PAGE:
Oh, applesauce! I will be glad when it's all over.
John Glenn, the first American to orbit the earth, carried pureed applesauce in squeezable tubes on his initial space flight.
But applesauce can replace more than just fats.
George darted into the kitchen and came running back with a dish of applesauce.
But how can the carbohydrates in applesauce replace the fats or proteins in a pastry?
Baking with applesauce can be tricky.
George spooned out a bit of the applesauce and started to poke it into the hole.
It has a lot of water on its own, so adding too much applesauce could also make a muffin too bready.
So when bakers replace fats with applesauce, they're trying to achieve the same thing in a slightly different chemical way.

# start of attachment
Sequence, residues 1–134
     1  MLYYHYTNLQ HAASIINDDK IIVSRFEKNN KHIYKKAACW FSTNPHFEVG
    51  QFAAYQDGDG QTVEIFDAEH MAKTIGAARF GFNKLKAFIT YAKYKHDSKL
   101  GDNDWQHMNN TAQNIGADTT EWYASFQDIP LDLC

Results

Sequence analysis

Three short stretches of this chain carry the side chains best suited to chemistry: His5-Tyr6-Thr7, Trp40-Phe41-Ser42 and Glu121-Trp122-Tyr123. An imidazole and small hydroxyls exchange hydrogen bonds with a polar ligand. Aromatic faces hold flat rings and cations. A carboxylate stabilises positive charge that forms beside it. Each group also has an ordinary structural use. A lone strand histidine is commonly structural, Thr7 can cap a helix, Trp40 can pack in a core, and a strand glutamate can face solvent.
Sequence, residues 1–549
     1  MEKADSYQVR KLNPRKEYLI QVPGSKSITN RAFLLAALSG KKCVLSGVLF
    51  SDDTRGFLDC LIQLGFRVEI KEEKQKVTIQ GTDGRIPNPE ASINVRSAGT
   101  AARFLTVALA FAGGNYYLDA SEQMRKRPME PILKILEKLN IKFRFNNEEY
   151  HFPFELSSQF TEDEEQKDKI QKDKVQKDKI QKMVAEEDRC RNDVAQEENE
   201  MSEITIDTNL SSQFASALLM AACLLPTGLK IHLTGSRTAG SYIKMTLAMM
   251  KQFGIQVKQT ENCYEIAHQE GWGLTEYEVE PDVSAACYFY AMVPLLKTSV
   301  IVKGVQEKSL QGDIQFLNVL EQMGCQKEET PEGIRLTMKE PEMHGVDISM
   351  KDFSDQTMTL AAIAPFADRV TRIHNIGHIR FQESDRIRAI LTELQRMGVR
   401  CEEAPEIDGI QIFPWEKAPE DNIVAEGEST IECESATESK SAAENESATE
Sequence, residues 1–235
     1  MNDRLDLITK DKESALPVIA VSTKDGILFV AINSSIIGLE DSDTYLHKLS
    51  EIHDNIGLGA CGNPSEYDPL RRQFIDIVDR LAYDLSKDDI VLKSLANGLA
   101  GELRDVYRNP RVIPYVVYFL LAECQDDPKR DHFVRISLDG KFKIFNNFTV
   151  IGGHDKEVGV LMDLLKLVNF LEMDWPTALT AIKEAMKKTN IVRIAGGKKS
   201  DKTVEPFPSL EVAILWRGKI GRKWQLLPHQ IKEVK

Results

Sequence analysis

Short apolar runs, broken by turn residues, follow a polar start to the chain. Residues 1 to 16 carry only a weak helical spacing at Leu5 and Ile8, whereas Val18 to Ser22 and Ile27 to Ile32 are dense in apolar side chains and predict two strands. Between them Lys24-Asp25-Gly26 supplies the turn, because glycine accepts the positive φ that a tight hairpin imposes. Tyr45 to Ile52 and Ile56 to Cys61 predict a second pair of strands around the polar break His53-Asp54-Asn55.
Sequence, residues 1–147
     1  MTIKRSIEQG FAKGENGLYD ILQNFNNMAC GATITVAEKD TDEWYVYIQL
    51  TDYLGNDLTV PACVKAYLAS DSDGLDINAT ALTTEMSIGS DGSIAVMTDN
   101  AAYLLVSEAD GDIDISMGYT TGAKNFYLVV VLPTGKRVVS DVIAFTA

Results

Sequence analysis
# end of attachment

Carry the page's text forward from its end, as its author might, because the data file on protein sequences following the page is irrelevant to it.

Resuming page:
I forgot how delicious applesauce is. Mmm!
I see your applesauce, and I raise you a pudding.
And now she's gotta eat applesauce through a straw the rest of her life.
So applesauce can give your cake some structure, just like eggs do all while keeping it tender as well.
Well, some bakers use applesauce to replace the butter, oil, or eggs in their favorite cake recipe.
See, applesauce is full of a polysaccharide called pectin, which normally holds cell walls together in some plants, including fruits like apples and berries.